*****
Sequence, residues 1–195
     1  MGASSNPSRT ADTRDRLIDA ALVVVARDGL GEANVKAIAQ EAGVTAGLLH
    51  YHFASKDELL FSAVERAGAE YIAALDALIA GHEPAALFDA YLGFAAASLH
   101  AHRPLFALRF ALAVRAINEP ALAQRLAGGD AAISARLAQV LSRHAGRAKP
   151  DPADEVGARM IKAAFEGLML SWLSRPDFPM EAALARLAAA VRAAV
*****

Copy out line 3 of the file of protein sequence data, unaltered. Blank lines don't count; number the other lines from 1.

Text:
    51  YHFASKDELL FSAVERAGAE YIAALDALIA GHEPAALFDA YLGFAAASLH